Barry Massey, File, Associated Press
FILE - In this Nov. 20, 2010 file photo, Rep. Ben Lujan, D-Santa Fe, speaker of the New Mexico House of Representatives, talks to the media after a meeting of the House Democratic caucus at the Capitol in Santa Fe, N.M. The winds of change continue to blow through the Capitol as the Legislature prepares to get back to work. Voters put a Republican in the governor's office and weakened the Democrats' decades-long control of the House. Looming at the start of the 60-day session is a leadership showdown in the House. But one thing won't be new when the Legislature convenes on Tuesday, Jan. 18, 2011. New Mexico's lingering financial problems remain the biggest challenge for lawmakers and the governor.

SANTA FE, N.M. — The winds of change continue to blow through the Capitol as the Legislature prepares to get back to work after voters put a Republican in the governor's office and weakened the Democrats' decades-long control of the House.

One thing won't be new, however, when the Legislature convenes Tuesday. The biggest challenge confronting lawmakers is New Mexico's lingering financial problems.

Plugging a $400 million hole in the state's budget is the top priority for lawmakers and Republican Gov. Susana Martinez during the 60-day legislative session.

"It's going to be a tough year and a tough session. People are going to have to get by with less money," said Senate Republican Leader Stuart Ingle of Portales.

Martinez succeeds Democrat Bill Richardson, who aggressively pushed the Legislature each year to approve his initiatives — some of which may be rolled back by the new GOP administration because of spending cuts.

Looming on the opening day of the Legislature is a leadership showdown in the House, where Speaker Ben Lujan of Santa Fe anticipates a challenge from Democratic Rep. Joseph Cervantes of Las Cruces.

"What I hope and expect is we're going to make things a little bit different in the state of New Mexico," said Rep. Andy Nunez, a Hatch Democrat who's been lining up support for Cervantes.

Republicans picked up eight seats in the November general election, narrowing the Democratic majority to 37-33 — the closest margin since the House was expanded to 70 seats more than four decades ago.

To win the top leadership post, Cervantes needs the backing of a coalition of Republicans and at least a handful of Democrats. A similar coup took place in 1979, when a "cowboy coalition" of Republicans and conservative Democrats ousted House Speaker Walter Martinez of Grants and replaced him with Lovington Democrat Gene Samberson.

House GOP Leader Tom Taylor of Farmington declines to say whether Republicans will support a coalition with Cervantes.

But regardless of who wins the speakership, Taylor maintains the House will be a far different place than when Democrats held a comfortable majority and could push legislation even if several of their members broke ranks.

"The big change is that we're fairly near even," said Taylor. "The result of that is I think you'll find the body a little more deliberative. There's certainly some power that moves from leadership to the individual when you have near splits."

Lujan acknowledges the potential votes are close in the race for the speakership, the most powerful position in the Legislature. He's held the job since 2001.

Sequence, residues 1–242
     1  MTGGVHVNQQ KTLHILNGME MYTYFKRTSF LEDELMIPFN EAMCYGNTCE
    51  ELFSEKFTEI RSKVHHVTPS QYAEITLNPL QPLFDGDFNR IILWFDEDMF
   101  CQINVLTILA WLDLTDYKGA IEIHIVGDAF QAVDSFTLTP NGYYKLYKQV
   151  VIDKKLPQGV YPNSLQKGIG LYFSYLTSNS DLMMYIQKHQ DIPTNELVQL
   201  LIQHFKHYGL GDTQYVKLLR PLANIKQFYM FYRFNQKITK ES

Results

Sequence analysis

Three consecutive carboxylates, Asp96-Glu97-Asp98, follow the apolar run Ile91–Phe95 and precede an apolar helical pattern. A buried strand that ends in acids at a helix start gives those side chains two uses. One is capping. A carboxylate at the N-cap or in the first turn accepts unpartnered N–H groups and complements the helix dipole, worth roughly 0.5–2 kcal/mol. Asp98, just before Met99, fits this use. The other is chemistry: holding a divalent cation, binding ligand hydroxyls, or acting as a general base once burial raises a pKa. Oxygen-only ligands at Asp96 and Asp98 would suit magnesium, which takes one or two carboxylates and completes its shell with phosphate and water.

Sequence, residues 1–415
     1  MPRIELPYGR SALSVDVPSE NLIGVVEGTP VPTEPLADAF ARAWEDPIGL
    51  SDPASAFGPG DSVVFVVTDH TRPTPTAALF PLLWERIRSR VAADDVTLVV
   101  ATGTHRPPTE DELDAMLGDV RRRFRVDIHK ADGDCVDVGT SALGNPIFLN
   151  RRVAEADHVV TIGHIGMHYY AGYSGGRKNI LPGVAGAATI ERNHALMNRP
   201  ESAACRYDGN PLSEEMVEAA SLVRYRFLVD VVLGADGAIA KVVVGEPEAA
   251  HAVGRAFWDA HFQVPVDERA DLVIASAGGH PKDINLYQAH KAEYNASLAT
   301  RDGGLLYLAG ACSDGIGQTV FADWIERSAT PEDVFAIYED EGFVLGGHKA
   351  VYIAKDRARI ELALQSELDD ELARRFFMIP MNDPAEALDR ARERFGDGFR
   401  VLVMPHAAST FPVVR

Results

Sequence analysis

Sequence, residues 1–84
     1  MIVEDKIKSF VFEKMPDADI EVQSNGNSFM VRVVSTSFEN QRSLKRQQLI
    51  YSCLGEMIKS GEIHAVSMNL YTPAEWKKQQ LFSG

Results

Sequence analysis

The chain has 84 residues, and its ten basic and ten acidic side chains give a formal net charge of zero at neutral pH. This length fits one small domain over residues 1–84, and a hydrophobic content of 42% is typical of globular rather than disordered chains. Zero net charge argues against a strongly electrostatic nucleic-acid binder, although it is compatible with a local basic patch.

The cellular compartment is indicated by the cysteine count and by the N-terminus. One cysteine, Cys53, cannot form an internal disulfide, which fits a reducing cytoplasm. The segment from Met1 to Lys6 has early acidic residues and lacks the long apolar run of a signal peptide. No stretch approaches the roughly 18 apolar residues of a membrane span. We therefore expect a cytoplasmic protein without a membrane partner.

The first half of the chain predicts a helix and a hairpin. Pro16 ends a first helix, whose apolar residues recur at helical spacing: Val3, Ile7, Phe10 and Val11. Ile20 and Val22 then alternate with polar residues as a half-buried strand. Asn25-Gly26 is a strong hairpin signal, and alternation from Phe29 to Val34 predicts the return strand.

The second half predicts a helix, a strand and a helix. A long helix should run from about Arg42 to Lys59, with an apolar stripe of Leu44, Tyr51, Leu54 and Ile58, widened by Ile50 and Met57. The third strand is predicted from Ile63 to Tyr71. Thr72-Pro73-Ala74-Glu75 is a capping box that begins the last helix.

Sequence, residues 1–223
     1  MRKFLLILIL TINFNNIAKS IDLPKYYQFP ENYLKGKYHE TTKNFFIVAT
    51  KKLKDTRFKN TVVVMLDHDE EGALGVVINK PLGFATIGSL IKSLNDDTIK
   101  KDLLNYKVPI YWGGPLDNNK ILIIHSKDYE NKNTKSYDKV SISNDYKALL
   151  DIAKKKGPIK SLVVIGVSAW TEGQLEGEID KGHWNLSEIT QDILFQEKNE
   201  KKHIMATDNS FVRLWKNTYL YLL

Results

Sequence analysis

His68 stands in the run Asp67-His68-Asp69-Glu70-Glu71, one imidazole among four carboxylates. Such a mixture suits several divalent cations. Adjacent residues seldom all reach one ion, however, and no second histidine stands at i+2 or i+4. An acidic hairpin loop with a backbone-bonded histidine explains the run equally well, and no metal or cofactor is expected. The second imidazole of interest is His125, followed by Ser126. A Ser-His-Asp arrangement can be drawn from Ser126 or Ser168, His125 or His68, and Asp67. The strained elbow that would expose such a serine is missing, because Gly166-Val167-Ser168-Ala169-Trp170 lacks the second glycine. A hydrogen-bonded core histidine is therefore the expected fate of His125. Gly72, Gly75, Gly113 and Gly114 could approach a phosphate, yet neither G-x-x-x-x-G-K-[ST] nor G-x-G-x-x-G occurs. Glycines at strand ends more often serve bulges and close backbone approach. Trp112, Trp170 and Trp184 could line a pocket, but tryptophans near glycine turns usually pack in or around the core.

"It's going to depend on the membership on the Republican side," said Lujan.

The speaker largely controls the legislative agenda in the House and has broad discretionary powers in presiding over daily proceedings. Importantly, the speaker also appoints chairmen and members of committees, which conduct much of the work of the Legislature by approving and rejecting bills.

Because of GOP gains, about half of the committees in the House will have equal numbers of Republicans and Democrats. In others, Democrats will cling to a narrow advantage in membership.

"So in order to pass legislation, it's going to take a lot of ... cooperation and a lot of discussion and finally some consensus as to what legislation we all want to move forward," said Lujan.

Fixing the state's budget woes will test the ability of the Legislature to work with Martinez. The last GOP governor, Gary Johnson, battled constantly with the Legislature and vetoed hundreds of bills that Democrats wanted.

But Martinez said, "I am confident we will be able to work together."

The administration's budget proposals are close to what has been recommended by the Legislative Finance Committee. Both call for spending reductions of about 3 percent next year and no new taxes to balance the $5.4 billion budget.

Martinez has suggested larger cuts to higher education than the LFC, but more money for public schools and Medicaid, which provides health care to about a fourth of the state's population.

Senate President Tim Jennings, a Roswell Democrat, said Martinez "appears to be a very sincere, decent person to work with."

A lack of money for new programs and initiatives, he said, could foster more cooperation and less squabbling over the budget.

"This might be one of those sessions when everybody sits down and gets their jobs done and goes home," said Jennings.

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The budget won't be the only issue, however, and some are sure to stir fights in the Legislature.

Republicans want to scale back what they consider overreaching environmental and business regulations by the Richardson administration.

GOP members propose scrapping a law that establishes a mostly union "prevailing wage" for workers on taxpayer-financed construction projects. Martinez supports repealing a Richardson-backed law that grants driver's licenses to illegal immigrants and she's proposed scaling back a tax break for film production, which the industry opposes.

New Mexico Legislature: